You know that the theological dialogue in which the Holy Father is so involved is really only one small part of the dialogue with the Jewish people. There are very few people among the Jewish - and particularly very few here in Israel - who are interested in the theological dialogue. Of course the grandeur of the Pope's theological thinking is very important: he speaks about our roots in the Jewish tradition, our roots in the Old Testament and our relation with the Jewish people. But the Jewish who are part in this dialogue are very much more concerned with political and social issues that touch on anti-Semitism and the situation in the Middle East. I'm not sure how many people will be listening carefully theologically to what the Pope would say here. I think that there will be much greater attention paid to the issues of anti-Semitism and to the attitude towards the political reality of Middle East. And, of course, any step taken with regard to the Jews will be measured against the parallel visit that he will pay to the Muslims; and anything that he will say about the Israelis will be looked back from the point of view of what he will be saying to the Palestinians. I think that theology will not receive a very prominent place during the visit.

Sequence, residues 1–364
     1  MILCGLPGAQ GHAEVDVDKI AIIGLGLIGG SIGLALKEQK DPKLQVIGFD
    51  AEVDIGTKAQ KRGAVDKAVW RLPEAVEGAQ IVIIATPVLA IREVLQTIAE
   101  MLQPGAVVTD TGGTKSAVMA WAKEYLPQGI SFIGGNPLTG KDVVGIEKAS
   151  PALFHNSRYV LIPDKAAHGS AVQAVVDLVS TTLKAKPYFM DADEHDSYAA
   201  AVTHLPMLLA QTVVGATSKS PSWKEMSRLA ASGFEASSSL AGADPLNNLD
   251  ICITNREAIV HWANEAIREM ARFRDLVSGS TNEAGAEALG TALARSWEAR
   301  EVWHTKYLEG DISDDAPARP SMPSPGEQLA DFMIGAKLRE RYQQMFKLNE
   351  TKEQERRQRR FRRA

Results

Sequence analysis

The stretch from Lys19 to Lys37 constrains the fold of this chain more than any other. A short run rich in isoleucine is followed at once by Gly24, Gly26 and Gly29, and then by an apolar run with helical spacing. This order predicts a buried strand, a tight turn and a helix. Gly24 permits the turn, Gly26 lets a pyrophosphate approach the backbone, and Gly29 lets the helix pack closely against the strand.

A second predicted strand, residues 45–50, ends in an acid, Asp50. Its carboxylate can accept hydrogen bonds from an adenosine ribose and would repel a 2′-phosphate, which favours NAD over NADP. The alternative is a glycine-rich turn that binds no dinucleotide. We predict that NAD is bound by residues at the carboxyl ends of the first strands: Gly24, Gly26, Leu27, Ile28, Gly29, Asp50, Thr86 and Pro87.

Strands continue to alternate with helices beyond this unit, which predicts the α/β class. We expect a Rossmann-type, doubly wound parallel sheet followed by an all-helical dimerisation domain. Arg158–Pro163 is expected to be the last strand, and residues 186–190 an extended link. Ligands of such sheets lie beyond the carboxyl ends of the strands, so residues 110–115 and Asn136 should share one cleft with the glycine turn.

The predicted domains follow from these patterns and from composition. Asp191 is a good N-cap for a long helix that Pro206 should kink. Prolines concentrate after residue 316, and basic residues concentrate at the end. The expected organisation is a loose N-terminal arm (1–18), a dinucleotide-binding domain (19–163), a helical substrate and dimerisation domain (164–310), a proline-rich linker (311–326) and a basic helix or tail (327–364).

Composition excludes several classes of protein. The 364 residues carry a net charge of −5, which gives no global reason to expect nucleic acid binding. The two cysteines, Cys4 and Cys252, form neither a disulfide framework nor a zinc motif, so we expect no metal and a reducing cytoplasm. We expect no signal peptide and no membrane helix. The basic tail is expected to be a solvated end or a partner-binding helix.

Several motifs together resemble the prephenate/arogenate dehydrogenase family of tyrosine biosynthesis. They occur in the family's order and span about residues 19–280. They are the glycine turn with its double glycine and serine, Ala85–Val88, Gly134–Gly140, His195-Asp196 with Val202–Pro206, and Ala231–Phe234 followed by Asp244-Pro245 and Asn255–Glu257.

One of the hottest themes today is the debate about the "conversion" of the Jews. How - from your personal experience - have we to deal with it correctly?